• by djirk (763517) on Sunday August 21, 2011 @02:30AM (#37159068)
    and I didn't speak out because I was not a genius.
  • This is contentious. Do they mean maths/science smart? Or like art/abstract smart. Because it seems you can have different kinds of intelligence. For instance, someone could be a mathematician and be terrible in other subjects that involve different kinds of thought. I think it would be more useful if they got people who were accomplished writers, artists, musicians etc. and mapped their DNA as well, rather than just focussing on one particular kind of intelligence (scientific/analytical intelligence).

    • by Intropy (2009018)
      The best current science on that issue says that there are indeed different areas of intelligence. But there's also an overall intelligence correlated to all of those areas to different degrees.
    • They mean "at a very minimum, smart enough to read the FAQ so people know what they mean by smart."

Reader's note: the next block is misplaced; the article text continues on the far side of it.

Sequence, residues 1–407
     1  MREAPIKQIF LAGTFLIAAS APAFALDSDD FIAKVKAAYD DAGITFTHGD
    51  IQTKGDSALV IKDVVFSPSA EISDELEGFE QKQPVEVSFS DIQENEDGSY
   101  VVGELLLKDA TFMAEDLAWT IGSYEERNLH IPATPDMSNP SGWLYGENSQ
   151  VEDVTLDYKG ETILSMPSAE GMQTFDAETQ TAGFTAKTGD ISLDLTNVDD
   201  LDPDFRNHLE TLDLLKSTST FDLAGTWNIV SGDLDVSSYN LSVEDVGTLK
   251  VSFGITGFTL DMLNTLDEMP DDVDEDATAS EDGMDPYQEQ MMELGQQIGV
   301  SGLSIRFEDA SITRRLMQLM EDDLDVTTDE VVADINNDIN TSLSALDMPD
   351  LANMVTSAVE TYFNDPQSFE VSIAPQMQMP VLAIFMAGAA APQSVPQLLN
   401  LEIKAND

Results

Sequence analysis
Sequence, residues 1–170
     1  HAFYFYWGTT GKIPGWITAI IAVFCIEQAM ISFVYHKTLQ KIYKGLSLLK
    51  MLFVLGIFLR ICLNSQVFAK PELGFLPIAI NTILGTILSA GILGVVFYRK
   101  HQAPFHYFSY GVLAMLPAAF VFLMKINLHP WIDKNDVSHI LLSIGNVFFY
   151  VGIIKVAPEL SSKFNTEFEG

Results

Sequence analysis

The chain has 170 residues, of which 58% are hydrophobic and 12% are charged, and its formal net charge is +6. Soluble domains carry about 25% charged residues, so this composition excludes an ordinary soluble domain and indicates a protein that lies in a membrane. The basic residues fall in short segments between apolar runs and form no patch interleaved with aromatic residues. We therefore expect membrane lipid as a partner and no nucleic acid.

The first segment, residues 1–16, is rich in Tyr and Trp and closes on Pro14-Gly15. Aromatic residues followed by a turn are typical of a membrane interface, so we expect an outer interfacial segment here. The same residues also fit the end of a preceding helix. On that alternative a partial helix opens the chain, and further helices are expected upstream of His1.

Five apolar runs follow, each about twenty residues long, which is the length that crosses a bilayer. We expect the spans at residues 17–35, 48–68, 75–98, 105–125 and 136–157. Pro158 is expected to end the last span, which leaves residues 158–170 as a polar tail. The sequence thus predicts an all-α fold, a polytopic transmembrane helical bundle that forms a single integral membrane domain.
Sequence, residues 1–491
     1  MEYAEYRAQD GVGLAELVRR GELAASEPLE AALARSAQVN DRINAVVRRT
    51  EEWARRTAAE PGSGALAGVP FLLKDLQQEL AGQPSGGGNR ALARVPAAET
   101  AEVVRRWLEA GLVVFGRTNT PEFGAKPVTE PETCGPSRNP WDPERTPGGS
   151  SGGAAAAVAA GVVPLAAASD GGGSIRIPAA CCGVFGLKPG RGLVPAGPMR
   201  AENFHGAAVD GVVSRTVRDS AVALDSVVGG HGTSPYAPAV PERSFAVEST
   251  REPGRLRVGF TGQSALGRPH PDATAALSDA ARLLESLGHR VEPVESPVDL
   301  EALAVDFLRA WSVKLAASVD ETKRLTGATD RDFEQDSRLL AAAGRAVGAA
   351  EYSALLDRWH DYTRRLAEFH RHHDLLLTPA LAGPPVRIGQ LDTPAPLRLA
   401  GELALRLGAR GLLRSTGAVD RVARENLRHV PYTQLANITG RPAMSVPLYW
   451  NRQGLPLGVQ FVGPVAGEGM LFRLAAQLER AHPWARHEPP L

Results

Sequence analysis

• "Genome researchers wants" our genes..? I think maybe our genes are belong to them already...
  • Is it just me or does the front page "China" graphic look like a Cylon's head?

    Just me then.

  • Who cares what they want it for? An organization that reports to a brutal and oppressive government is asking for intelligent volunteers. Does it really matter if our DNA would be used for research or something else? The gall of doing what they did to Google then asking their employees for DNA is mildly shocking. When you consider what they've done to Democracy activists and Tibetans, for them to ask anyone of conscience is even more ridiculous.
  • They can't have my genes. I'm wearing them! O wait... guess I'm not a candidate, anyways.
  • Help China? They can suck my dick.

    Oh wait...

"All my life I wanted to be someone; I guess I should have been more specific." -- Jane Wagner